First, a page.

Quebec: First-Quarter Real GDP Growth Slows to 1.7%
- Real GDP growth dipped only slightly in the first quarter of 2023, edging down to an annualized 1.7% from 1.9% in the fourth quarter of 2022, well below Canada's first quarter growth of 3.1%.
- Final domestic demand was more solid than the previous quarter (+0.6%), rising 1.5% in the first quarter of 2023.
- Household final consumption expenditures picked up in the first quarter. Spending on services and goods rose 4.8% and 7.3% respectively, following gains of 2.5% and 8.6% in the fourth quarter of 2022.
- Residential investment fell for the fourth successive quarter, this time by 14.8%, and was pulled lower by construction spending (-18.3%), renovation (-7.4%) and property transfer costs (-28.1%).
- Business investment rebounded in the first quarter of 2023 on the back of an 8.5% jump in investment in non-residential structures. Investment in machinery and equipment has been declining since mid-2022 and fell 3.9% in the first quarter of 2023.
- Business inventories rose again in the first quarter and helped boost economic growth.
- However, international trade was a drag on real GDP growth. Total exports were down 5.6% in the first quarter. The 11.8% drop in international exports didn't fully offset the 4.1% increase in exports to other provinces. Meanwhile, total imports dipped by just 2.4%. As a result, Quebec's trade deficit widened to 26.5 billion 2012 dollars.
These first quarter results are only slightly more positive than expected. Quebec's economy has managed to keep up a good pace of growth thanks to higher consumer spending and increased business investment. Strength in household spending came at the expense of the savings rate, which plummeted from 12.2% in Q4 2022 to 6.3% in Q1 2023. Household income—which had been inflated by the Quebec government's financial support at the end of 2022—also dropped. Although consumers now have less breathing room, the savings rate remains quite high and well above the nationwide rate of 2.9%.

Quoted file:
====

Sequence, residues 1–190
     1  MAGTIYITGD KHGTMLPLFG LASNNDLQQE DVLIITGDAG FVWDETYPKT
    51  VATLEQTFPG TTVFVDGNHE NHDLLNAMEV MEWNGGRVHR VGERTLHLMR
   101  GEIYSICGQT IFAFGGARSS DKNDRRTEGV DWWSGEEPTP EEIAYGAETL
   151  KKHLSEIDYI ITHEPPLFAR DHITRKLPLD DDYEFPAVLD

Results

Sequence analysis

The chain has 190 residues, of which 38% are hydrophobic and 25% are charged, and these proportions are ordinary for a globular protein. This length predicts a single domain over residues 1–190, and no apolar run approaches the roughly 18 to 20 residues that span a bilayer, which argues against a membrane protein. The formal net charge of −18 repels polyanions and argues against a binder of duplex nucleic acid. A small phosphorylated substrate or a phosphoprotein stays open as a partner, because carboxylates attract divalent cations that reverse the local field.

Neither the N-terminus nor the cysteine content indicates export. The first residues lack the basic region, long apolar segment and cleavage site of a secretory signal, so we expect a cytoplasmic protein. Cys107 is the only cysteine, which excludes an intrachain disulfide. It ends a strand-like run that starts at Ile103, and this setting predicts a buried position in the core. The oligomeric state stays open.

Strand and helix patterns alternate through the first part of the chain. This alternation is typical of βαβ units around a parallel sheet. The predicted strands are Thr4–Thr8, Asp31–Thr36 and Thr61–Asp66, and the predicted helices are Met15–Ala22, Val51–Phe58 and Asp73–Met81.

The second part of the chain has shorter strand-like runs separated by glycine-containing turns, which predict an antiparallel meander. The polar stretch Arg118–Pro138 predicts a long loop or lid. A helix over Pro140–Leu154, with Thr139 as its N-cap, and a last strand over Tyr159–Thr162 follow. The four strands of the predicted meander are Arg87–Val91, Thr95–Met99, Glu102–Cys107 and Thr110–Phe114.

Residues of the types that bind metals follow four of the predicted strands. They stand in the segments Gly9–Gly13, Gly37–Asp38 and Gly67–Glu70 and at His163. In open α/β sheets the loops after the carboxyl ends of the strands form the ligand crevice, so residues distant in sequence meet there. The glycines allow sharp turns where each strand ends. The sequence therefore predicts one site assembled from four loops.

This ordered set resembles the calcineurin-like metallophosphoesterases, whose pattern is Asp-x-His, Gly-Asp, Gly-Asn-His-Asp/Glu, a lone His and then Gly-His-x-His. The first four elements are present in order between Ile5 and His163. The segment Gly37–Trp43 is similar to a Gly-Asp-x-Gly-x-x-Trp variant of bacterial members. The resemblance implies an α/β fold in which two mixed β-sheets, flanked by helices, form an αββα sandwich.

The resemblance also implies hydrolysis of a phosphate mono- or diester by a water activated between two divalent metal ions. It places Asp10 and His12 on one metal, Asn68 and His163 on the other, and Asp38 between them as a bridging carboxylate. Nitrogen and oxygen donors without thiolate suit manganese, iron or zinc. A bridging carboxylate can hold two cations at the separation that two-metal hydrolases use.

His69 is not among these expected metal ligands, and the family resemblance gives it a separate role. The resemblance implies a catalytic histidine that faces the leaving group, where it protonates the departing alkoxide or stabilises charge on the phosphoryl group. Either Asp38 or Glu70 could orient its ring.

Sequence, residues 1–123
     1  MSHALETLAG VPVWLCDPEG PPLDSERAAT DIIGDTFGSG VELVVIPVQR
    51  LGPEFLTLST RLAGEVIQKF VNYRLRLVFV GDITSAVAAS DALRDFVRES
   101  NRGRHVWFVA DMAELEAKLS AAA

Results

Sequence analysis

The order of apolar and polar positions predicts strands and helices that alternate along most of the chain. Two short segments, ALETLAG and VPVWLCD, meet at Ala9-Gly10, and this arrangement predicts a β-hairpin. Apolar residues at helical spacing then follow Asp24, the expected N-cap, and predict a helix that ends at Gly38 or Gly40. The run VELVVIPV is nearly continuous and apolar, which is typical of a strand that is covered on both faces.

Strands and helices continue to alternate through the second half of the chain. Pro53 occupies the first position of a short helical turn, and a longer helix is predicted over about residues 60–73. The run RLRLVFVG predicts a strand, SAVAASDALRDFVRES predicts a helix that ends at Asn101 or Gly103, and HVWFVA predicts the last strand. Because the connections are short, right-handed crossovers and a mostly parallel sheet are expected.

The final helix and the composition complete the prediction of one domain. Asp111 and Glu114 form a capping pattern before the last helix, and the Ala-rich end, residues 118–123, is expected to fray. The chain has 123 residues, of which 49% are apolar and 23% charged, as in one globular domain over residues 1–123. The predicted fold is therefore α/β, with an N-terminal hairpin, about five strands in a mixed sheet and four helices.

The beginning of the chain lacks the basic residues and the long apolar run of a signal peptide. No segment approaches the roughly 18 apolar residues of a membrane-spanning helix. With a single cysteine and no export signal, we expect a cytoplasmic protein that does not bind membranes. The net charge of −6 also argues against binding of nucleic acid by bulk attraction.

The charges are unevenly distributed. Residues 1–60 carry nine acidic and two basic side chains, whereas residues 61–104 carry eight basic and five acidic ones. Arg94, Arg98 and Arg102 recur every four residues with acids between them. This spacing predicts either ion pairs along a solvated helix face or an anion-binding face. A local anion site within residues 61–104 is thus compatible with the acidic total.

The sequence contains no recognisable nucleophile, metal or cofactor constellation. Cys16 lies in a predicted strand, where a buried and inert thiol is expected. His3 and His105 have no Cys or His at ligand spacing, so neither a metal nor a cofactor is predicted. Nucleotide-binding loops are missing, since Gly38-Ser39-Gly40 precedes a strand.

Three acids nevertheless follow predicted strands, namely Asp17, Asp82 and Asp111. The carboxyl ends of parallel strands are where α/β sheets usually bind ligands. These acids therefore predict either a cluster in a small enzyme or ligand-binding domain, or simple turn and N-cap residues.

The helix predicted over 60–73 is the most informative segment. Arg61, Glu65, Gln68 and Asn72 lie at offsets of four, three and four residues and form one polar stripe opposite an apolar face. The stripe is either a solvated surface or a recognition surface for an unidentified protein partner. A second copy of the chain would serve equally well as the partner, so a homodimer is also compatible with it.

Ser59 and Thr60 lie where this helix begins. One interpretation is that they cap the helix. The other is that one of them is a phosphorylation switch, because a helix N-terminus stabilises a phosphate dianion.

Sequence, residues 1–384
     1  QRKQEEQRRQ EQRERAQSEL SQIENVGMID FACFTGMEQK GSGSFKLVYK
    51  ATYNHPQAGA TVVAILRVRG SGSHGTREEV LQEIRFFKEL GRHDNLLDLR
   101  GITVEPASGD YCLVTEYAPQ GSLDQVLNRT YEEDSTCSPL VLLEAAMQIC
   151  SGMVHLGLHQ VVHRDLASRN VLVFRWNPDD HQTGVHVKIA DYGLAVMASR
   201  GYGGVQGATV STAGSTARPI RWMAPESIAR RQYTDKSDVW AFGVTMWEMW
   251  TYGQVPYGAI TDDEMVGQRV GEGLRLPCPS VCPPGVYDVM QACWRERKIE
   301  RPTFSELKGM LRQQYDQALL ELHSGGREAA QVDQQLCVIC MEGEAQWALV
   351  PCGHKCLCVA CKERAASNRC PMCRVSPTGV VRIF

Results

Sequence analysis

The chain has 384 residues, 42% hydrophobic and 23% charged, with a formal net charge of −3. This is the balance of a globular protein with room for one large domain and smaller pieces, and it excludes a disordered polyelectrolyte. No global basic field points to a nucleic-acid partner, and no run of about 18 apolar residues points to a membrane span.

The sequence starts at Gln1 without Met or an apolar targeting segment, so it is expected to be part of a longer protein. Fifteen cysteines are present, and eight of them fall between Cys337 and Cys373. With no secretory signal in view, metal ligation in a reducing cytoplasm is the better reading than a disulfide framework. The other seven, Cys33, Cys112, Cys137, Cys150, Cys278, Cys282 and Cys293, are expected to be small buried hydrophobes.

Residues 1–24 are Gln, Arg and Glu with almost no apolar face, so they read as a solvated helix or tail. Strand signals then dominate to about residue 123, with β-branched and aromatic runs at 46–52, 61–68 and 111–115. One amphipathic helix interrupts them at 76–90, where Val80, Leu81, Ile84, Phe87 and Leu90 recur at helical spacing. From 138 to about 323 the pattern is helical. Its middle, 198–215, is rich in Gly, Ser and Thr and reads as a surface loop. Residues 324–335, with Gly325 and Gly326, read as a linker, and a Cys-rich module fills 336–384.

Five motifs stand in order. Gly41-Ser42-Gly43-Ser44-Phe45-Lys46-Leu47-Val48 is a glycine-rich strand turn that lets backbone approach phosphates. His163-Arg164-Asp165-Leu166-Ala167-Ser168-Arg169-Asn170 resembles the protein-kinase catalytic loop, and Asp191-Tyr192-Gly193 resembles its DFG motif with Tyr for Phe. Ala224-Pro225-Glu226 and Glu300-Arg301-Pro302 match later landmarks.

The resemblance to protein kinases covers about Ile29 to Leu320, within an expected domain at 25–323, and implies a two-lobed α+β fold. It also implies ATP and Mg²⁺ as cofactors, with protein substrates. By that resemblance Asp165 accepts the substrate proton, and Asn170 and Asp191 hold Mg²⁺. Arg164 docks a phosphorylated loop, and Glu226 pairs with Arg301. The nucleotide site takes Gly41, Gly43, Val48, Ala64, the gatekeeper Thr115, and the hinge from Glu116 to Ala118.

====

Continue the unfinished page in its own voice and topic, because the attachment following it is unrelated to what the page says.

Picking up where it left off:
Amid elevated interest rates and high inflation, consumer spending is likely to slow before long. The housing sector—and new construction in particular—continues to be hobbled by the more challenging environment.
The decline in business investment took a bit of a breather in the first quarter. This is likely to be temporary, as businesses' deteriorating financial situations and weak confidence among SMEs add to the global economy's laundry list of challenges.
Although Quebec's economy has performed well until now, the coming quarters will be arduous. Consumer spending can't keep up this pace for long, and the skies are darkening for businesses. Furthermore, several major disruptions that occurred this spring, such as power outages and the ongoing wildfires, are impacting the population and economic activity. This could be the last positive print before more difficult times.
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